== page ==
China's enterprise IT market set for stable growth in 2014
The mainland is closing the gap on the US and Japan in technology spending, a report shows
With the global economy predicted to expand faster this year, China is expected to further narrow the gap with the industry leaders, the United States and Japan, in the US$2 trillion global information technology market.
Total government and business spending in IT on the mainland is estimated to reach US$124.5 billion, up 10.5 per cent from last year, according to a new industry forecast published yesterday by Forrester Research.
That would be enough to keep China as the world's third-largest technology market. The mainland would also be the third-fastest-growing market among emerging economies, behind Brazil and Mexico.
The report, which did not include corporate telecommunications services and consumer spending, projected the US market would reach US$877 billion this year, followed by Japan at US$211.4 billion.
Andrew Bartels, a vice-president at Forrester and lead author of the report, said: "An improved economic outlook for 2014 and 2015 will translate into better growth in the global market for business and government purchases of IT goods and services than [what] occurred in 2013."
He forecast global IT spending by governments and businesses would reach US$2.22 trillion, an increase of 5.5 per cent from last year, with software purchases gaining the biggest share at US$568 billion.
Spending on telecommunications equipment - including network routers, television and radio broadcasting gear and smartphones bought by companies for use by their employees - would have the smallest share at US$373 billion, the report said.
Forrester estimated the overall technology market in Asia-Pacific would "stay on a steady growth path", advancing 4.5 per cent from 3.1 per cent last year.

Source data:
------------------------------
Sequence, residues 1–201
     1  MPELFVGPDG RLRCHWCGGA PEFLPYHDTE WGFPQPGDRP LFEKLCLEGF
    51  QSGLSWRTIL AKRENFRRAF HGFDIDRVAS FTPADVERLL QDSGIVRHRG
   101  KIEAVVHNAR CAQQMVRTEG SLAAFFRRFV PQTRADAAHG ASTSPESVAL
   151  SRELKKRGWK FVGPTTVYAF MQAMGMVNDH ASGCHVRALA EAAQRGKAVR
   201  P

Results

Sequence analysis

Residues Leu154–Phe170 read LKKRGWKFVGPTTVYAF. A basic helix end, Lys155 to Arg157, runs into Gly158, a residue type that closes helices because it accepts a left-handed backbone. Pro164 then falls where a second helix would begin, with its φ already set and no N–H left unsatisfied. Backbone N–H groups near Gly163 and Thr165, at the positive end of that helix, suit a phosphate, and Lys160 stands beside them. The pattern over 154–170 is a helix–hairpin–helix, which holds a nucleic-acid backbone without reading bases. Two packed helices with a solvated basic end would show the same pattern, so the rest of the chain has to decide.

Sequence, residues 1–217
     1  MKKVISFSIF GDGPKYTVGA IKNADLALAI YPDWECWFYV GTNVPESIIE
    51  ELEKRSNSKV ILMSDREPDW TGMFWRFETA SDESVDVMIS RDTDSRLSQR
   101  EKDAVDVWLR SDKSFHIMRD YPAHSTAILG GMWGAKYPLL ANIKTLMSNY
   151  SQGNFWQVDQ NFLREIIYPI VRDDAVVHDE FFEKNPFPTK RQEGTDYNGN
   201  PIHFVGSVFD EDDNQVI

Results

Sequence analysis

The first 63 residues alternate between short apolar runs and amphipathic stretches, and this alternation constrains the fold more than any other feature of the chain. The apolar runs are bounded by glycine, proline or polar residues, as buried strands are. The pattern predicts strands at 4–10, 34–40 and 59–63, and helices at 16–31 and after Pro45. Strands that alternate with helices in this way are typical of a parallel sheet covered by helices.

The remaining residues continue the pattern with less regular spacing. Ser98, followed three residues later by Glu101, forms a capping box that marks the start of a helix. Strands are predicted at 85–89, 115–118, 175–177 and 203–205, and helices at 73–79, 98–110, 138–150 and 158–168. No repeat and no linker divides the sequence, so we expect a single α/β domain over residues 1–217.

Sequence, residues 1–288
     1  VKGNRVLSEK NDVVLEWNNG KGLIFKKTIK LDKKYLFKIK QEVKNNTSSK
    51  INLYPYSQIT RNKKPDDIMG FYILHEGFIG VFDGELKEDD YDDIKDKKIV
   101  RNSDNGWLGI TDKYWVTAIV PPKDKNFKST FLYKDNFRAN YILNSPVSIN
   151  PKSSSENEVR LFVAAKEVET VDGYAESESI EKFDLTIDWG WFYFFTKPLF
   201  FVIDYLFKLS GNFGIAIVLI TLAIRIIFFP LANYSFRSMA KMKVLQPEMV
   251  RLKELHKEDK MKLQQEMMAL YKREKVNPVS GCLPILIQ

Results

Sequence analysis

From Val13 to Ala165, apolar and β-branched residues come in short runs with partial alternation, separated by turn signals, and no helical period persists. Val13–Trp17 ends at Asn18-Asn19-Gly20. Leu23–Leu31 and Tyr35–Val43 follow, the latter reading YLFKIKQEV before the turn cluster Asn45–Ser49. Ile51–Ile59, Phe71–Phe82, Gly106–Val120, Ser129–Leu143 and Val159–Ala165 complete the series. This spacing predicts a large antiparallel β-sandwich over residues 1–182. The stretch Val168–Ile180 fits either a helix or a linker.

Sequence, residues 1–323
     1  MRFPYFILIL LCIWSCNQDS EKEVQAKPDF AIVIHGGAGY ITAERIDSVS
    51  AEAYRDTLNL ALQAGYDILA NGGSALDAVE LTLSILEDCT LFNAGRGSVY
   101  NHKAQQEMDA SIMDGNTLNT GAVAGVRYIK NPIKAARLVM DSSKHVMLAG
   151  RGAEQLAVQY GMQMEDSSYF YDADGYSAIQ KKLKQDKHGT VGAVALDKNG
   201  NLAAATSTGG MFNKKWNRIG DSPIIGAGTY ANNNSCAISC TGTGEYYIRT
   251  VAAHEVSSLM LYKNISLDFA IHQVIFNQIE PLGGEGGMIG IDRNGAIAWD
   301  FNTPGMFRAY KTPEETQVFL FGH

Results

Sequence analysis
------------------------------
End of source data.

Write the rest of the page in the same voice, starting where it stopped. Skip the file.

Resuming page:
While Japan still has a technology market that is about 1.5 times that of China, Forrester said the mainland "continues to narrow the gap".
Lenovo, the world's largest supplier of personal computers, has managed to strengthen its business on the mainland, with a 34 per cent share of desktop and laptop sales in the financial quarter to September.
In November, Lenovo chairman and chief executive Yang Yuanqing said: "Benefiting from corporate refresh and China market improvement, the PC market is recovering."
German firm SAP, the world's largest supplier of business software, has predicted that technology spending by the mainland's state-owned enterprises would pick up after a considerable slowdown in the past several quarters.
Other multinational companies are also continuing to invest in key IT products sourced from China. US computer giant Dell, for example, is spending more than US$25 billion a year on the mainland in terms of manufacturing and sourcing of IT components and related products.
As a group, China, India, Brazil, Russia, Turkey, South Africa and Mexico would account for 13 per cent of the global technology market this year, Forrester said.